6. The driver circuit of claim 5 wherein CN is approximately equal to (1+Δ)2N−(1+Δ)2(N−1).
7. A driver circuit implemented in an integrated circuit for driving an output node in response to a data signal, said driver circuit comprising:
a control section which produces a digital control output indicative of a conductivity of a circuit element formed in the integrated circuit; and
a driver section including
(a) a transistor array which includes transistors each defining a drain source path connected in parallel with one another and connected intermediate the output node and a common node, with the transistors of the array including an offset transistor and a multiplicity of adjust transistors, with the adjust transistors designated one through N, respectively, and with the offset transistor having a ratio Wo/Lo of channel width to channel length and with the adjust transistors having a respective channel width to channel length ratio Wa/La which increases with the value of N designating the adjust transistor; and
select circuitry configured to select a number of the adjust transistors to control an impedance between the output and common node in response to changes in the data signal wherein the number selected, including zero, is controlled by the digital control output.
8. The driver circuit of claim 7 wherein the adjust transistors have a respective channel width to channel length ratio (Wa/La)N approximately equal to (Wo/Lo)(1+Δ)N where Δ is a fixed weighted value less than one.
9. The driver circuit of claim 7 wherein the select circuitry operates so that when Y number of adjust transistors are selected, all of the adjust transistors designated less than and equal to Y are selected and all of the adjust transistors designated greater than Y are not selected.
10. The driver circuit of claim 9 wherein the select circuitry includes a digital circuit having first through N digital outputs associated with the first through N adjust transistors, respectively, so that all of the digital outputs less than or equal to Y are at one state and all of the digital outputs greater than Y are at a second state, opposite the first state.
11. The driver circuit of claim 10 further including a ramp bias generator associated with each of the transistors of the transistor array, with the ramp bias generators having an output coupled to the associated transistor, with each of the ramp bias generator circuits including a first output transistor, with the first output transistor of the ramp bias generators associated with the adjust transistors having a differing ratio of channel width to channel length Wag/Lag.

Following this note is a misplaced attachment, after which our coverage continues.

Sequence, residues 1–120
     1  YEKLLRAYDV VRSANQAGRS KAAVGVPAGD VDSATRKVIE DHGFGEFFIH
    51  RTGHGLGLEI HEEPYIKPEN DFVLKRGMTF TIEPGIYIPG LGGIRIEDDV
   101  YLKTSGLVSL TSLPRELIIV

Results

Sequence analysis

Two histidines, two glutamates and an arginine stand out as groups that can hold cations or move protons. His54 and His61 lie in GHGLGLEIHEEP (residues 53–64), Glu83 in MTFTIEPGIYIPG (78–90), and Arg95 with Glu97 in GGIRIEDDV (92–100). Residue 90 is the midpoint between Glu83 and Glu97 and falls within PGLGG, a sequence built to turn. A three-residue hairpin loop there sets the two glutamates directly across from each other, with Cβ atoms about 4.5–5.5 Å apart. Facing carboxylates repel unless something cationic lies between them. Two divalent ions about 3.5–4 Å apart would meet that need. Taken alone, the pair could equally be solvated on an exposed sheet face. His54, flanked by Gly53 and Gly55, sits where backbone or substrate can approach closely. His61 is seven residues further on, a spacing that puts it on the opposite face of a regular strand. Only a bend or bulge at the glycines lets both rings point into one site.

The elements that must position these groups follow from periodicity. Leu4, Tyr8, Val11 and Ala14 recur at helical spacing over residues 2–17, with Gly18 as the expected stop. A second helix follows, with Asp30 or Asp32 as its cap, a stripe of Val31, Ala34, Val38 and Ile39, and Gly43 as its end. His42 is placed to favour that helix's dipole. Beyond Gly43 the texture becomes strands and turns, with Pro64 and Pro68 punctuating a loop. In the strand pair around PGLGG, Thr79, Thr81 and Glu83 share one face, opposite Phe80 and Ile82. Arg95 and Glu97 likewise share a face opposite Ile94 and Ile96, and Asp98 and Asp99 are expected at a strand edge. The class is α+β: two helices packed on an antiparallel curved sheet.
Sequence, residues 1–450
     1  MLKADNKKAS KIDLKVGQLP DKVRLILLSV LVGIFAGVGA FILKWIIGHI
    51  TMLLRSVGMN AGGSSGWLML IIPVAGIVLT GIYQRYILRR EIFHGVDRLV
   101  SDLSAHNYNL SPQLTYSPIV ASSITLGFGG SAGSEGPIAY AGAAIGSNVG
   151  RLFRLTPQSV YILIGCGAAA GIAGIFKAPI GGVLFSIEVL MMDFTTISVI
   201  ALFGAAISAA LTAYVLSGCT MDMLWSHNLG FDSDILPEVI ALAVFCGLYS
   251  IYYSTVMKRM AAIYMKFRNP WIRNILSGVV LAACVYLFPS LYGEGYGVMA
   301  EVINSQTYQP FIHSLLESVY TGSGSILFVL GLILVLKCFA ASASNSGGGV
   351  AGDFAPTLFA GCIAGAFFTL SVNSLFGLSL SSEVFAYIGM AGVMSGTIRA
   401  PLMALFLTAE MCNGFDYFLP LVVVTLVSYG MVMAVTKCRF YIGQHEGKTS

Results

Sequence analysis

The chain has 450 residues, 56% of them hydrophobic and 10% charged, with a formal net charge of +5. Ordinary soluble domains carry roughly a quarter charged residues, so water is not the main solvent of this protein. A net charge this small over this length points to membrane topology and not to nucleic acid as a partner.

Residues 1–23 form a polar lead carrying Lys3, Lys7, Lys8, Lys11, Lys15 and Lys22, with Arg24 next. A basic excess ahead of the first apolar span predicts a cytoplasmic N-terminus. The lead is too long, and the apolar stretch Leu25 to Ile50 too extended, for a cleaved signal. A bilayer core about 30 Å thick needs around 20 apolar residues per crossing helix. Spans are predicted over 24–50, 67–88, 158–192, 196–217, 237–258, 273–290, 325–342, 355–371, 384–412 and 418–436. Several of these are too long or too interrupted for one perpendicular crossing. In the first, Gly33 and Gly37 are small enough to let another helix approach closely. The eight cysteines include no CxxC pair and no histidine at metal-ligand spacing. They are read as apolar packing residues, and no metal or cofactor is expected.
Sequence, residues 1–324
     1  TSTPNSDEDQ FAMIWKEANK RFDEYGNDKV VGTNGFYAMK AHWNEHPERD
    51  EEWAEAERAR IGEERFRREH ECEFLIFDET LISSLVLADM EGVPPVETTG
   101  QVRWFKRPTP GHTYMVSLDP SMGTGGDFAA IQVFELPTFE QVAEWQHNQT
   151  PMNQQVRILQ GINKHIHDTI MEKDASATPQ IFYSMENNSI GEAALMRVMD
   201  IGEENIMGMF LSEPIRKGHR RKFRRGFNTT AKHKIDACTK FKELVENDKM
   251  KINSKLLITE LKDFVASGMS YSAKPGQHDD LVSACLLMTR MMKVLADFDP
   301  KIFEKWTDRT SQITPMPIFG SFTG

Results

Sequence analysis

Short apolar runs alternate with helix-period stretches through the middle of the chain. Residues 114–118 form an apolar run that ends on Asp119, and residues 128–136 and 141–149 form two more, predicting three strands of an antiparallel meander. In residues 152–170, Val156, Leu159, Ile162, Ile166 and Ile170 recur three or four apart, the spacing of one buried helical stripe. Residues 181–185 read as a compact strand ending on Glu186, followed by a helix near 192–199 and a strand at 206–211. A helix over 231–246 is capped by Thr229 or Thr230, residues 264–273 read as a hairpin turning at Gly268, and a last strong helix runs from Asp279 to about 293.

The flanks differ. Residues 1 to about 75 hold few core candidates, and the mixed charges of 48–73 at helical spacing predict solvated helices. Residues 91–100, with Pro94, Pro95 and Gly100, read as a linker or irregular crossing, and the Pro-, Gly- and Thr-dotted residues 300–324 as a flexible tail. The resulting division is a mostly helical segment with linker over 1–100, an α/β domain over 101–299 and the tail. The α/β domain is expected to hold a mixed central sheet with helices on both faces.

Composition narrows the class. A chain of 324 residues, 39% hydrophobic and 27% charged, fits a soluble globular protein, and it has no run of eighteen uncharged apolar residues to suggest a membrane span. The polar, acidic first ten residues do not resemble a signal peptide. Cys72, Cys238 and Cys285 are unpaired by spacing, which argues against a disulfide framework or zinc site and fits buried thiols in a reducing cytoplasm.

12. The driver circuit of claim 11 wherein the channel width to channel length ratio Wag/Lag of the first output transistors of the ramp bias generator circuits associated with the adjust transistors are related to the channel width to channel length ratio Wog/Log of the output transistor of the ramp bias generator associated with the offset transistor by a variable sizing coefficient CN, with CN changing for each value of N.
13. The driver circuit of claim 12 wherein CN is approximately equal to (1+Δ)2N−(1+Δ)2(N−1).
14. The driver circuit of claim 12 wherein the ramp bias generator circuits each includes a second output transistor each defining a source-drain path connected in series with a source-drain path of the first output transistor of the ramp bias generator circuit, with the first output transistor being connected intermediate a first supply voltage and the second output transistor being connected intermediate the first output transistor and a second supply voltage, with the first supply voltage being positive with respect to the second supply voltage.
15. The driver circuit of claim 14 wherein the circuit element of the control section includes an N type transistor and wherein the first output transistors of the ramp bias generator circuits are P type transistors.
16. The driver circuit of claim 14 wherein the circuit element of the control section includes an N type transistor and wherein the first output transistors of the ramp bias generator circuits are N type transistors.
17. The driver circuit of claim 10 wherein the control section includes a digital encoder circuit which produces the digital control output and wherein the digital circuit of the select circuitry includes a digital decoder circuit which receives the digital control output.
18. A method of controlling conductivity of a first electrical path formed in an integrated circuit between an output node and a first node comprising:
producing a digital control output indicative of conductivity of a second electrical path formed in the integrated circuit;